The global context

2020 was a year that both illuminated and exacerbated existing rifts in society:

COVID-19 – The pandemic was responsible for millions of deaths globally, along with countless physical and mental health issues. It also laid bare social and economic vulnerabilities and impacts on different social groups.

Climate change escalation – The severity and growing number of extreme weather events and their related disaster recovery-related impacts highlighted how quickly the Earth’s systems are degrading, with serious implications for our society — including the most vulnerable populations — as well as the economy..

Social justice – Unprecedented social justice protests spread from the U.S. around the world, building upon decades of activity in the civil rights movement.


Resilience, health and circularity

2020 brought significant changes in how people live and work and, as a result, many in the building products industry have doubled down on making their products resilient, healthy and circular, while also utilizing technology and digitalization to enhance people’s experiences indoors.

Recovery plans around the world promote the concept of building back better. The related economic stimulus packages have been positioned as a way both to address the effects of COVID-19 and, in some cases, to address climate change. This includes funding for renovation, adaptive reuse of buildings and enhancing buildings’ sustainability. Interest in building modernization has surged, as leaders around the globe have come to recognize that this can be a response to climate change and also to the post-pandemic recovery. Architects and designers are also focused on designing buildings that support a more holistic vision of health and well-being, and that incorporate concepts such as healthier materials, design for flexibility and enhanced air quality.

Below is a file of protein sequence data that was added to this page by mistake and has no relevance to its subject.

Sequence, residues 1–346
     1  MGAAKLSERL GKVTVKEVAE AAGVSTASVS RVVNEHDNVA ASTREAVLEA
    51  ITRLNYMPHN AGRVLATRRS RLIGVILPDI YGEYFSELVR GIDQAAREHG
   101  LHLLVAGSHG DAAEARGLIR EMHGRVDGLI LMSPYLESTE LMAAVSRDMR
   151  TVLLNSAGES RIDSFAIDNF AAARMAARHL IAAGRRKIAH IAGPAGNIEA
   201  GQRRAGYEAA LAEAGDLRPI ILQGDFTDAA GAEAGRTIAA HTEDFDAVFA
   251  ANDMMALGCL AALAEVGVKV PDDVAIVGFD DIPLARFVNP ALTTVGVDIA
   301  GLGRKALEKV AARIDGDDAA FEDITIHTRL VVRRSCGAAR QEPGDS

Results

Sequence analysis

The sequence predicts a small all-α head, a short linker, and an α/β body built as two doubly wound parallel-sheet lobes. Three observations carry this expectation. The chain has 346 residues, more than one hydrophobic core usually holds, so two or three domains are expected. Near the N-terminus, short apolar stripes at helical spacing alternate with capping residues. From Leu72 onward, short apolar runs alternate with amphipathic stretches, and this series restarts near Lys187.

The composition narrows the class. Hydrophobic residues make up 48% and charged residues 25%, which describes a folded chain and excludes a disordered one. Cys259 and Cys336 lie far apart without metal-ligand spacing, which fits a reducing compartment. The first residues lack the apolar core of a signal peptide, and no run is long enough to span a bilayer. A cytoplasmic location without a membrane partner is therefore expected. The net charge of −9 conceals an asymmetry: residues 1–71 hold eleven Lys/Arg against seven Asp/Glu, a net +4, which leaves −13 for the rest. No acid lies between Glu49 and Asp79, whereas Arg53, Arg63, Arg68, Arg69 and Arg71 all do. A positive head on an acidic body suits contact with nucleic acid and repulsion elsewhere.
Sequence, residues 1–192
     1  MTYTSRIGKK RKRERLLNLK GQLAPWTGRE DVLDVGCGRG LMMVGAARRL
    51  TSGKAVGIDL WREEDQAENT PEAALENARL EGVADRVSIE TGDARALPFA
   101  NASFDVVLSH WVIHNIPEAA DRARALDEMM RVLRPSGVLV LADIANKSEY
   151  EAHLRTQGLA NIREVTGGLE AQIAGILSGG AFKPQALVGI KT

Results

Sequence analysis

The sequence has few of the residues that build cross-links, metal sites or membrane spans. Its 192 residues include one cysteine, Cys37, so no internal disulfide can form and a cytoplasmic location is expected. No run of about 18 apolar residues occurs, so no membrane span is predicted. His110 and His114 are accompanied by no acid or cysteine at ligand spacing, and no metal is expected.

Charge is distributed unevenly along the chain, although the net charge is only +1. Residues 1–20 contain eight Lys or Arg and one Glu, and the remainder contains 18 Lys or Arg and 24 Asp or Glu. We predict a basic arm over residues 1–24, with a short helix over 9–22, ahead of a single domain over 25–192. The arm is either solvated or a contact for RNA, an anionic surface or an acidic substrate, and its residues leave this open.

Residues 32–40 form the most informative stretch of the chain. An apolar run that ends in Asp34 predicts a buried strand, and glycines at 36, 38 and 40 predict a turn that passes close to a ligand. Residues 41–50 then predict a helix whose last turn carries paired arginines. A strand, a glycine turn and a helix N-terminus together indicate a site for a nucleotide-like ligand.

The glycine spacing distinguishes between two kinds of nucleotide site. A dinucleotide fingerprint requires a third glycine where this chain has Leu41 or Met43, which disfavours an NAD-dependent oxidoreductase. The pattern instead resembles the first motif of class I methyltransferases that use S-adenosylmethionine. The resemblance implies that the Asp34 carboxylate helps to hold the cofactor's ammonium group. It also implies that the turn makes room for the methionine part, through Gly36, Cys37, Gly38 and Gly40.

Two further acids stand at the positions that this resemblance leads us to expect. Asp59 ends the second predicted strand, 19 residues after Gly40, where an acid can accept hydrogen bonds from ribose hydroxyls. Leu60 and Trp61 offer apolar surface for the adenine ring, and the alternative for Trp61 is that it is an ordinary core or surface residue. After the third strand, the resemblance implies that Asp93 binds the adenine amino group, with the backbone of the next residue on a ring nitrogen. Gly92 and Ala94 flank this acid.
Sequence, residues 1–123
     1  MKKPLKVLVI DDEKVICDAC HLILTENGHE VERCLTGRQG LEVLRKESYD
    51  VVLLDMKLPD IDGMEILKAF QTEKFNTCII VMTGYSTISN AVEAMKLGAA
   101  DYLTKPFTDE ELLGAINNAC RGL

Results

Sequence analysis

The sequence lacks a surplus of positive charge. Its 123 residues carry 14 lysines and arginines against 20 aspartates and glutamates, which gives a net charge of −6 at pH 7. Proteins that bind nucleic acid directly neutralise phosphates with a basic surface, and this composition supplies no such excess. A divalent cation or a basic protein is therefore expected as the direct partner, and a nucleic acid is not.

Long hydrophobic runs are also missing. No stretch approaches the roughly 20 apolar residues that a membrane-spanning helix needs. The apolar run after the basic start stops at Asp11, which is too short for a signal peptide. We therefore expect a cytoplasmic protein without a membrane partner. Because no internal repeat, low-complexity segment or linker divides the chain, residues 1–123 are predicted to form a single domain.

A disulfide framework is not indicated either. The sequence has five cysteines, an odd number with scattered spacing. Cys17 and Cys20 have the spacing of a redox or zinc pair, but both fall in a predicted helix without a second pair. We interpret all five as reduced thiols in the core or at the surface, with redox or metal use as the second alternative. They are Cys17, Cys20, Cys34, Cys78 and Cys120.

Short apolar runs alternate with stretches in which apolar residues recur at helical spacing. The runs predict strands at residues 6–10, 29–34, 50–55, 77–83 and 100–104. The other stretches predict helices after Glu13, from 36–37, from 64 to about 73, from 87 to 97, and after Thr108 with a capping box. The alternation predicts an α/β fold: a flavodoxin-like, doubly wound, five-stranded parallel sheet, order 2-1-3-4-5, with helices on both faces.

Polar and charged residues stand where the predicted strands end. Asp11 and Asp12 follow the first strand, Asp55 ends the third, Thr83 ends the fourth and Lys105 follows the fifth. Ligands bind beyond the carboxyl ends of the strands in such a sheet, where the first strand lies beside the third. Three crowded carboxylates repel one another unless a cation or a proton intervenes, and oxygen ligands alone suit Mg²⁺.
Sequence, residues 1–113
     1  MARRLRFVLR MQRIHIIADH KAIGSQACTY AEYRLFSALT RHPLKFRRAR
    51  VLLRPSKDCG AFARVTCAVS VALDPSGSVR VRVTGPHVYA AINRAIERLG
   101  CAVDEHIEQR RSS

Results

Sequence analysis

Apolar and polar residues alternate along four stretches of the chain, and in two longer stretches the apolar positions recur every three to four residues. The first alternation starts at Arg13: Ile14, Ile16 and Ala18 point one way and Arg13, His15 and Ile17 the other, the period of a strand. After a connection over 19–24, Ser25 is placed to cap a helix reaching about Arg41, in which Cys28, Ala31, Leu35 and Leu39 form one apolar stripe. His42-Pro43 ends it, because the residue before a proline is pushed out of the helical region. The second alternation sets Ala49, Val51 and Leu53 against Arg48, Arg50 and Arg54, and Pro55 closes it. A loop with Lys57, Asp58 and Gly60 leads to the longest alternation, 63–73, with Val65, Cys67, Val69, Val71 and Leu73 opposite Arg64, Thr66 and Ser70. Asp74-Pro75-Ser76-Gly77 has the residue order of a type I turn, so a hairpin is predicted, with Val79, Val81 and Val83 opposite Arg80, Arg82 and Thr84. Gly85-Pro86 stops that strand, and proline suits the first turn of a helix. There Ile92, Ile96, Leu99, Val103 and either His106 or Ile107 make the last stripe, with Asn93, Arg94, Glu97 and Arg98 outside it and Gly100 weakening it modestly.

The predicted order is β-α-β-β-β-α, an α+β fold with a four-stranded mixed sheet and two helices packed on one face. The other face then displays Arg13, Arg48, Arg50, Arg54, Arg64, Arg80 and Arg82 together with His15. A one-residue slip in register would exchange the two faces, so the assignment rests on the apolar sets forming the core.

As construction waste continues to be a major source of landfill, expected to double to 2.2 billion tons in 2025 globally, companies are applying different approaches. Circular business models offer a solution to reduce the amount of construction and demolition waste to landfill, which the U.S. Environmental Protection Agency (EPA) estimates to represent double the amount of municipal solid waste currently generated.

Companies are also assessing embodied carbon and optimizing their products to reduce carbon — the Embodied Carbon in Construction Calculator has attracted a coalition of nearly 50 forward-looking and innovative building industry leaders. Additionally, companies are considering their ecological impact on landscapes — including on biodiversity and natural resources such as forests and water, with certifications from organizations such as the Forest Stewardship Council.

The push for transparency

As the relationship between business performance, social impacts and climate change — among other issues — becomes more apparent, investors are actively assessing the environmental, social and governance (ESG) performance of companies.